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Chukchansi tribe names new gaming commissioners

Phil Hogen, new Chukchansi gaming commissioner
Phil Hogen, new Chukchansi gaming commissioner Special to The Bee

Two new gaming commissioners who are among the best-known regulators in the Indian gaming industry have been named to the Picayune Rancheria of Chukchansi Indians’ gaming commission.

Phil Hogen, a lawyer and former chairman of the National Indian Gaming Commission in the George W. Bush administration, will join the Chukchansi commission. Last week he was named an adviser for the tribe.

He will be joined by Joseph Smith, the former director of audits and finance for the National Indian Gaming Commission.

Smith, a former director of audits for the federal commission, has more than 35 years of gaming experience and specializes in tribal casino audits through his firm, Smith, Harrison. It has offices in Portland, Ore., and Las Vegas.

The two nationally known gaming industry leaders were named to the commission two weeks after the panel’s three members resigned along with the gaming commission’s executive director.

The tribe’s two years of late audits were the subject of the National Indian Gaming Commission’s threats last year to close Chukchansi Gold Resort and Casino. The commission sent a letter in early October threatening closure at the end of that month if the agency didn’t get the audits.

Before the deadline, members of a faction opposing the group running the casino raided an office in the casino to get audit documents. That action led to the casino’s closure by the gaming commission and state attorney general. The resort has been closed since.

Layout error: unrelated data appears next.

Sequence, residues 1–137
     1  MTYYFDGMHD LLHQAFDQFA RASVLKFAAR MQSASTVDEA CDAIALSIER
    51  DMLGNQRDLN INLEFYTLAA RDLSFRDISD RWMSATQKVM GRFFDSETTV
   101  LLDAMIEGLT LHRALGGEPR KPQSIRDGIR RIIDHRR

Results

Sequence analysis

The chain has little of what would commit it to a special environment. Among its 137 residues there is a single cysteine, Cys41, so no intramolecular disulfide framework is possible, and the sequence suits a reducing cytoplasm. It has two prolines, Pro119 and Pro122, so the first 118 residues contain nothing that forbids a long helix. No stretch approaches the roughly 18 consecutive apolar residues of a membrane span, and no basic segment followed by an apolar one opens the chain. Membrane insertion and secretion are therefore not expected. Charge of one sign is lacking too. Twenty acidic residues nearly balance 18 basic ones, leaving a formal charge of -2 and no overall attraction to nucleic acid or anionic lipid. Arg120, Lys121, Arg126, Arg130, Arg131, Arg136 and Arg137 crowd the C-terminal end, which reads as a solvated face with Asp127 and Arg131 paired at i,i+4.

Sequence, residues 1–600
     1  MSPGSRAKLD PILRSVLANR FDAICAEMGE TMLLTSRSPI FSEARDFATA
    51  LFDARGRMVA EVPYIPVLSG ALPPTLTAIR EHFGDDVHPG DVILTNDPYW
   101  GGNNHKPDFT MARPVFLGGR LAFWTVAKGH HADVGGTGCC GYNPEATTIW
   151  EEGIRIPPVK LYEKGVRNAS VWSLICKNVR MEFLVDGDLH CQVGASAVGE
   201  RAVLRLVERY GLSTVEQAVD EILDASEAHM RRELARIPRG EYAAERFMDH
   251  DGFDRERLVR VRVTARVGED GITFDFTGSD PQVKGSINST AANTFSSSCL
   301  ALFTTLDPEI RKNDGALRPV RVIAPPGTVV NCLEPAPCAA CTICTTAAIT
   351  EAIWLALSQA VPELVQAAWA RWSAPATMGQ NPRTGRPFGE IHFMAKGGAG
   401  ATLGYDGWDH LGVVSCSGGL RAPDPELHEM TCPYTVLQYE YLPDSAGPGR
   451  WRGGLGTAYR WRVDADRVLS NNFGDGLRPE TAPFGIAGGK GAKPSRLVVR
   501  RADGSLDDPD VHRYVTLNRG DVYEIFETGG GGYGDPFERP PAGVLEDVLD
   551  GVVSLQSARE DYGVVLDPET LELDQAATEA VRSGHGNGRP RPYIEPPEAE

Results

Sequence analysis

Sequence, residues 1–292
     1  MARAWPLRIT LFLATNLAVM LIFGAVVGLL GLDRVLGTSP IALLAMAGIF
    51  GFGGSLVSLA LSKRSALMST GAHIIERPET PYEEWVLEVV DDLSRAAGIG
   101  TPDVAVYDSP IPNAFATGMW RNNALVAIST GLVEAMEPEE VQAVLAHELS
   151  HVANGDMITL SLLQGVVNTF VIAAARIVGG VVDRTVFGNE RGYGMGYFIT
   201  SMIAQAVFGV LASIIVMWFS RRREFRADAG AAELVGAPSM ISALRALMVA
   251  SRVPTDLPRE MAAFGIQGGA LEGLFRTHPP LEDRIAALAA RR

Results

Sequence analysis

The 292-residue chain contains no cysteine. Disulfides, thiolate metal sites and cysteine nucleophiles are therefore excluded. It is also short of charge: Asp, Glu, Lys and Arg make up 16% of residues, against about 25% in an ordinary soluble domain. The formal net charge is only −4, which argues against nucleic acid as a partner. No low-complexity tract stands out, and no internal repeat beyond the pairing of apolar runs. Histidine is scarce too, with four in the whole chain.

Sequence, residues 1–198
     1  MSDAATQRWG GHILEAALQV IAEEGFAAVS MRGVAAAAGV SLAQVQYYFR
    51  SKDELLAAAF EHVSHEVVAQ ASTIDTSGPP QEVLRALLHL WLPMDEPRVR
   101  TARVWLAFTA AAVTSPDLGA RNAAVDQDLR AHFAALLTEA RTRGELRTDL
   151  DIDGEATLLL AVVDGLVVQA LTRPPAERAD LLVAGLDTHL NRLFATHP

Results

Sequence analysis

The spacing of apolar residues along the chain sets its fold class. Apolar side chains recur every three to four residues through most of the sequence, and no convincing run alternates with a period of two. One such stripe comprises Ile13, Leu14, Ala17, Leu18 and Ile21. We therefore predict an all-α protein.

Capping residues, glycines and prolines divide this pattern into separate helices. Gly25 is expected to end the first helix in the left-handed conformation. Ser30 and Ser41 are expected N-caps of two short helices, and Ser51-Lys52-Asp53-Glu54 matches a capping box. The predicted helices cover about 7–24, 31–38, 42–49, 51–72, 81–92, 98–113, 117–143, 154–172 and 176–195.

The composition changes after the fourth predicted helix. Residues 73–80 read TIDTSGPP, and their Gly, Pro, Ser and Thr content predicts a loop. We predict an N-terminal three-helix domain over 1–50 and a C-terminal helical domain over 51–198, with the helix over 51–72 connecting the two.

These new and independent voices are exactly what we need to ensure credibility and transparency and to get the casino operating again.

Reggie Lewis, interim council tribal chairman

Gaming officials said they were encouraged that the tribe named the two new gaming commissioners.

“It makes sense that someone with (Hogen’s) experience will lead the commission,” said Christian Goode, chief operating officer for the resort. “And, Joe Smith is the right person to guarantee the casino operates in a transparent fashion and provides timely reports to all stakeholders. This will ensure that everyone is confident in its operations.”

Interim tribal chairman Reggie Lewis said the tribe was seeking experienced, independent leaders for the gaming commission.

“We landed the top two names in tribal gaming that were on our list,” Lewis said. “These new and independent voices are exactly what we need to ensure credibility and transparency and to get the casino operating again.”

Joe Valandra, a former chief of staff with the federal commission, said that Hogen and Smith are among the most highly regarded in their fields.

“Phil’s time and expertise in Indian gaming is very hard to match in the industry,” he said.

Smith, he said, is one of the “architects” in “audits and internal control.”

He said Chukchansi’s audits seemed to have a lack of internal controls, which makes Smith a good fit.

“He is the kind of guy who will get to the bottom of it,” Valandra said.

Marc Benjamin: 559-441-6166, @beebenjamin

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